According to Lincoln Center's new LCT3 project at its slogan, it takes "New Audiences for New Artists." It also takes new critics, hence the establishment of Theater Talk's New Theater Corps in 2005, a way for up-and-coming theater writers and eager new theatergoers to get exposure to the ever-growing theater scene in New York City. Writers for the New Theater Corps are given the opportunity to immerse themselves in the off-off and off-Broadway theater scene, learning and giving back high-quality reviews at the same time. Driven by a passion and love of the arts, the New Theater Corps aims to identify, support, and grow the arts community, one show and one person at a time.

Tuesday, August 19, 2008

Fringe/Kansas City or Along the Way

Photo/Seth Duerr

Reviewed by Aaron Riccio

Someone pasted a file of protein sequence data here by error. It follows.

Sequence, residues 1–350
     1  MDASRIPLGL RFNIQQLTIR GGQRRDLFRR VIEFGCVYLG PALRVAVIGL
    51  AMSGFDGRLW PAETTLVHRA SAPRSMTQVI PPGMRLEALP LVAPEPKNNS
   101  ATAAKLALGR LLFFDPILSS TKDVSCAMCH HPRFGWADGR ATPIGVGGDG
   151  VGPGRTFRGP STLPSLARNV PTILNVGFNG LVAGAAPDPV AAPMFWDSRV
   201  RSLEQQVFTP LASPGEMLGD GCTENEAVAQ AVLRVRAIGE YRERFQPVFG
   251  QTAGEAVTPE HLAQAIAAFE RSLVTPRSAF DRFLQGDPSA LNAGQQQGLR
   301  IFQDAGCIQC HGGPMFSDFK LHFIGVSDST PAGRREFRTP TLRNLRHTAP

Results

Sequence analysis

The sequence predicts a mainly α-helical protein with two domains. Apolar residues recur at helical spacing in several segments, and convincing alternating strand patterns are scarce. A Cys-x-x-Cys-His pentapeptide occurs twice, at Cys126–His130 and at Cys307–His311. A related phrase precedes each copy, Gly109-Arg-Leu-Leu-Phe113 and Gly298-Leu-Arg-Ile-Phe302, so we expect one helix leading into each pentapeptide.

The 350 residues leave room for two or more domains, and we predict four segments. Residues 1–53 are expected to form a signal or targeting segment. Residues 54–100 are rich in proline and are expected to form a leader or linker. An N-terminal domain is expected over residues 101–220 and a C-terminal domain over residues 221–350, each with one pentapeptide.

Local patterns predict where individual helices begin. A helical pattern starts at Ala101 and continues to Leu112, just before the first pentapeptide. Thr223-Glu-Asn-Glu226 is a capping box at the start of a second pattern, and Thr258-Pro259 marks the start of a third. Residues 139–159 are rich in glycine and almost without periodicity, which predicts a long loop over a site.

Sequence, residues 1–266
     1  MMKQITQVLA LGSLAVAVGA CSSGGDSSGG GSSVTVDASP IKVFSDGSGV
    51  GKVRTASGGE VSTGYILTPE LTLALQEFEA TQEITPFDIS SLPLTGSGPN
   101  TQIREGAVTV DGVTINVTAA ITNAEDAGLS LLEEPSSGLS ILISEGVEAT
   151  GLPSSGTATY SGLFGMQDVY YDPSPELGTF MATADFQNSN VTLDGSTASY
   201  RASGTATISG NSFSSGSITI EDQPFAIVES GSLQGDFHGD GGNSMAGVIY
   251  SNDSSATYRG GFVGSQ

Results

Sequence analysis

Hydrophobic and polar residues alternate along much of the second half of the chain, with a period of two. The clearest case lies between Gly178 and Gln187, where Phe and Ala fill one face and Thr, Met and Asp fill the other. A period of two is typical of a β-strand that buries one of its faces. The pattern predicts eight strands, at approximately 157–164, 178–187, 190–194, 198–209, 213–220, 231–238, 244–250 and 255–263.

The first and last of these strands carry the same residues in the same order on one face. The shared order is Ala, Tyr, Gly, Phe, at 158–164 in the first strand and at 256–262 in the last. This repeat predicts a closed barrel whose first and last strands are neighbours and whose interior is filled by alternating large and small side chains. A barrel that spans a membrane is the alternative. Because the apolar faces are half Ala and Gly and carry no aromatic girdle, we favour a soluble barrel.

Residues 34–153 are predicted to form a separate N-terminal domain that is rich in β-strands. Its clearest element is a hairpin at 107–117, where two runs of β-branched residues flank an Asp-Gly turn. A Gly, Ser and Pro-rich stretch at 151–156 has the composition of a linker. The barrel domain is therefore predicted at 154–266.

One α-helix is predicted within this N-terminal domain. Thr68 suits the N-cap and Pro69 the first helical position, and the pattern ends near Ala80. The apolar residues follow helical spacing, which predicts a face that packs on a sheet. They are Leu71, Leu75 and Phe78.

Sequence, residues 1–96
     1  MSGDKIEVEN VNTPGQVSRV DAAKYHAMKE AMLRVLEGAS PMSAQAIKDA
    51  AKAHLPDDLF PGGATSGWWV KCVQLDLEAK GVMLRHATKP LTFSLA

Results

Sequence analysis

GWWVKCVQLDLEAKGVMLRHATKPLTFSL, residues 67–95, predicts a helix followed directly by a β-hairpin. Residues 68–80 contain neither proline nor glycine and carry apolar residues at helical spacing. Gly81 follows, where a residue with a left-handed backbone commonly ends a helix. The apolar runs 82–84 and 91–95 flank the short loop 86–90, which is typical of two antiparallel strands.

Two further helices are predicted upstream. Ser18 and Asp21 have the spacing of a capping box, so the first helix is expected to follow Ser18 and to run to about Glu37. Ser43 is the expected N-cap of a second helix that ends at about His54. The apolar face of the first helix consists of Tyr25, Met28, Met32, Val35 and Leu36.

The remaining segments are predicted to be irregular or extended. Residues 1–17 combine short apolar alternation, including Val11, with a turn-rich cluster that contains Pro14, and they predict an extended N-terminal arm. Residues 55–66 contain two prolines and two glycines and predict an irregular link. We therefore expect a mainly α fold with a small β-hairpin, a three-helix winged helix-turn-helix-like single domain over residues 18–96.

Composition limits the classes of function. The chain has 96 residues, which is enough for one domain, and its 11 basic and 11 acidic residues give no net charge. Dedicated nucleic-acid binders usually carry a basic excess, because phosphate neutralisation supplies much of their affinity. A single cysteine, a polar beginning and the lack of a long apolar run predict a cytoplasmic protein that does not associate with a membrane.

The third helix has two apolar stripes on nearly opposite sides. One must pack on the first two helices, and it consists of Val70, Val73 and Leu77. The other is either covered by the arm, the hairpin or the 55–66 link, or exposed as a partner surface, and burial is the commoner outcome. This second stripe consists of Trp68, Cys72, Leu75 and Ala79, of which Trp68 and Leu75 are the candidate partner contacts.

Although it's hard to tell that the interlaced monologues in Robert Attenweiler's Kansas City or Along the Way are taking place in the past and future before meeting up in the play's present time of the 1930s, this is an excellent character piece. Louise (Rebecca Benhayon) narrates her half from a sense of panic for her husband left for Kansas, kids in tow, and the jaws of her dreary town snapped down on her. Joseph (Adam Groves) gets the more active storytelling, for he's a traveling guitarist trying to make good, as a line cook, as a father, as whatever it takes to improve the future. Attenweiler's a talented writer, but he deals best with action, so the final scene between the two is filled with beautiful moments (Louise's knowing bribes, Joseph's weary approval, and the metaphorical observation that when you're using newspaper for a pillow, the more bad news there is, the better one sleeps). Joe Stipek evokes a desolate atmosphere with just a few boxes and shifts in lighting, and this two-hander is very well along on its way.

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